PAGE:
Amazon Cash's secret weapon is the Apple wallet
Amazon is lending its considerable brand and heft to a cash payment model that borrows a vital piece of real estate from Apple Pay.
Called Amazon Cash, the feature allows cash-carrying consumers to add funds to their Amazon.com balance by presenting a bar code to a cashier at a network of partner retailers. Users tell the clerk how much cash to add, between $15 and $500 at once, and the funds arrive instantly in an Amazon.com stored-value account.
Systems like this are not new, and earlier models relied on consumers setting up a cash load online and then presenting a printed receipt, as was the case when Walmart introduced a similar service in 2012. Amazon's twist is keeping the experience decidedly digital, allowing consumers to store a reusable Amazon Cash bar code in Apple's wallet app or on the home screen of Android devices.
Amazon Cash debuted Monday in the U.S., and the initial retailers include CVS, Speedway, Sheetz, Kum & Go, D&W Fresh Market, Family Fare Supermarkets and VG's Grocery.
Besides bearing similarities to Walmart's Pay with Cash service, Amazon Cash also resembles PayPal's MyCash card, which charges a nominal fee upfront for digital in-store prepaid loads to PayPal's account, and is a major part of PayPal's efforts to build a market among underbanked consumers. The key differences for Amazon: There are no consumer fees, and there is no physical card.
"It's a bit of a defeat for PayPal, which is increasingly catering to the needs of the unbanked and would had loved to do a deal with Amazon to enable the unbanked to purchase there," said Rick Oglesby, president of AZ Payments Group.
Amazon Cash also shares traits with PayNearMe, which works with a similar network of retailers but markets its service more for bill payment than e-commerce. Amazon's service could also be an alternative to prepaid card companies such as Netspend and Green Dot, whose products can give unbanked consumers access to e-commerce.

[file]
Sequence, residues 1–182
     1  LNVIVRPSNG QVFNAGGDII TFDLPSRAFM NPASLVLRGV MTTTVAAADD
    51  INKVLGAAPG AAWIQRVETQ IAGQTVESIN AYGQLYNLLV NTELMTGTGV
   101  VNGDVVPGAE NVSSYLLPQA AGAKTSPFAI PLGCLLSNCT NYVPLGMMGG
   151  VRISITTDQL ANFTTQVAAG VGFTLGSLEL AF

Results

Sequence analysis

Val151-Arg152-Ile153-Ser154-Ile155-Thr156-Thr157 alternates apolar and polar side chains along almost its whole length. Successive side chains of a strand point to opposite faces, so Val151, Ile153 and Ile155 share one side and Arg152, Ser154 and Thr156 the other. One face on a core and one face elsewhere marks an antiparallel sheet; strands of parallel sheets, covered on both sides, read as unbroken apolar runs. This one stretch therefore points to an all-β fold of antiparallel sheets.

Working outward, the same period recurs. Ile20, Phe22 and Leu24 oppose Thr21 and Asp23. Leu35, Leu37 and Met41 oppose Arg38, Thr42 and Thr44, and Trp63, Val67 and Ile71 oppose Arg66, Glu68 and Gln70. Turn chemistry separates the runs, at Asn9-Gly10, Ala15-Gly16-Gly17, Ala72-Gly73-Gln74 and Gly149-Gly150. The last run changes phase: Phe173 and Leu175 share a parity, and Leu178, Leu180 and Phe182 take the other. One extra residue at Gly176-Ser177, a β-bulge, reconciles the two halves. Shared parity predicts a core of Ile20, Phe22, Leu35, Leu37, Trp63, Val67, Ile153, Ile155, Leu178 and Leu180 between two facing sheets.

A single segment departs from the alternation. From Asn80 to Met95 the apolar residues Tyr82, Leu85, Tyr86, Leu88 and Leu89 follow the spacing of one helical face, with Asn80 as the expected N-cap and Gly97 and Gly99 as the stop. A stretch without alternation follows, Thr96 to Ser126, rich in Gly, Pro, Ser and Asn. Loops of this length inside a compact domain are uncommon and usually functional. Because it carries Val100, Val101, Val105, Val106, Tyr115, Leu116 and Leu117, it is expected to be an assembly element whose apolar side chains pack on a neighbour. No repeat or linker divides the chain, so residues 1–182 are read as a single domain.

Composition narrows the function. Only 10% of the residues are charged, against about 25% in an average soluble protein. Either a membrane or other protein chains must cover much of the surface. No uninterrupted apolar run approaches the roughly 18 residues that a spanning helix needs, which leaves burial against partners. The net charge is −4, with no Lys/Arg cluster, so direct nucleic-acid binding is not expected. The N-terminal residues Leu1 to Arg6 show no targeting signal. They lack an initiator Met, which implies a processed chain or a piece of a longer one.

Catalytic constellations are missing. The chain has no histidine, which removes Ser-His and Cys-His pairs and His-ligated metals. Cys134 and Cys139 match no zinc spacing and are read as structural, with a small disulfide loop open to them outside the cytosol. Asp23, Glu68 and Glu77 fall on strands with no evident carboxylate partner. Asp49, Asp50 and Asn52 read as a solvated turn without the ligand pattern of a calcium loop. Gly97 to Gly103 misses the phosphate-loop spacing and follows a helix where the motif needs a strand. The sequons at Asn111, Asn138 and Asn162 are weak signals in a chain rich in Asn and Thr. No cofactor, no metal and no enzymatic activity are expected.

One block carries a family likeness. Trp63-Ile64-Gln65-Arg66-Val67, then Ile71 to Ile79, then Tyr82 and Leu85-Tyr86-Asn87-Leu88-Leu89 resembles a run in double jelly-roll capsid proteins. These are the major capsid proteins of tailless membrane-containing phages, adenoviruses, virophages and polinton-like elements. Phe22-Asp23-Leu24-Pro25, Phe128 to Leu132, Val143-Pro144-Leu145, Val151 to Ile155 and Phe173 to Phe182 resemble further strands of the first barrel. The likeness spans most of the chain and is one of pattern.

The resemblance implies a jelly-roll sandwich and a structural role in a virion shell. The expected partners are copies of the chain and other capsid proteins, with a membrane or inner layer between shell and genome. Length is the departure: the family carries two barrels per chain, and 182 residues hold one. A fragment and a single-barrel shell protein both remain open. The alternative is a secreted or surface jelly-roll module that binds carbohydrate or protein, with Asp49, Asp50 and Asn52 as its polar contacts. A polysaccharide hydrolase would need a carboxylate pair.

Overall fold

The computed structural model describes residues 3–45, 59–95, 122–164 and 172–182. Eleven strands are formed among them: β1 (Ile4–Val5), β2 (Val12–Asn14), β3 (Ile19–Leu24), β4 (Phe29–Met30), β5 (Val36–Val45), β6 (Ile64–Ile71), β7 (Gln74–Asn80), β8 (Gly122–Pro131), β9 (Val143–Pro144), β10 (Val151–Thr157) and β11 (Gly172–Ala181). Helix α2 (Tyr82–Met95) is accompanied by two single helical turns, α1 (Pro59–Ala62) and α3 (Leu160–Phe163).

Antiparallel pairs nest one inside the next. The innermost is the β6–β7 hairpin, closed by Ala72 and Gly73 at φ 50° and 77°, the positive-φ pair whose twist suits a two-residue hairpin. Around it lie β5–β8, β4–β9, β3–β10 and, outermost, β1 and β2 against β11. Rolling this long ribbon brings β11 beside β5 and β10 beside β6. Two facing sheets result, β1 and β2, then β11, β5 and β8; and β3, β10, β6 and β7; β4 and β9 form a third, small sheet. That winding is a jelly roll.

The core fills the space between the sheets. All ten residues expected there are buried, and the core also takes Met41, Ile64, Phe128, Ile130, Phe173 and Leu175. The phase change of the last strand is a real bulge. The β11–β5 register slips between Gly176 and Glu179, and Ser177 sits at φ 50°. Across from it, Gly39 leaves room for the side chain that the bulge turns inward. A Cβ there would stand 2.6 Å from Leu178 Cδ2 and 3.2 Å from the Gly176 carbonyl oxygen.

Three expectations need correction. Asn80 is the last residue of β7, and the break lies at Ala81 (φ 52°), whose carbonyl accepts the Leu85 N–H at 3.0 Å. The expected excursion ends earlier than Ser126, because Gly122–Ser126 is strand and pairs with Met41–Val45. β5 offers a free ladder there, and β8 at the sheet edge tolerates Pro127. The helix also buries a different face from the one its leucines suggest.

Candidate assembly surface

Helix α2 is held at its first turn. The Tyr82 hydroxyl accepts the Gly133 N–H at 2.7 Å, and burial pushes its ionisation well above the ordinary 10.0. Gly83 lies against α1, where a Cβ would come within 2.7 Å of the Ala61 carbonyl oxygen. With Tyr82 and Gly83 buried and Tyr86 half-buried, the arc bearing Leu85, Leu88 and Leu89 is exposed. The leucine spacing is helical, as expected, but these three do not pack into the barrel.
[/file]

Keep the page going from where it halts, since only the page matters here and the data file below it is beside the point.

"Amazon's service is open to anyone who has a mobile phone," said Richard Crone, a payments consultant. The system adds authentication through the phone credentials, the Amazon login and the consumer showing his or her phone at the retailer, he noted. "It pushes the entire prepaid market to up its game."
Amazon can also pair the program with its strategy to build a brick and mortar footprint by tying some elements of traditional retail with its e-commerce brand. Amazon is building Go, an experimental store that doesn't require a checkout, instead using in-store sensors to charge a user's Amazon account for in-store shopping. Amazon is also opening a chain of bookstores, and is expanding its distribution and fulfillment network in the U.S.
Amazon did not reveal terms of its deals with retailers, and did not return a request for comment by deadline.
The launch of Amazon Cash comes at an unwelcome time for the traditional brick-and-mortar industry, as Amazon becomes larger than most big-box chains combined, and many big-box chains face traffic slumps and closures.
"Consumers can access to Amazon for whatever you want to buy. And if Amazon takes this to its move to open stores, they can squeeze out even more," Crone said. "It would be like Trader Joe's for Amazon."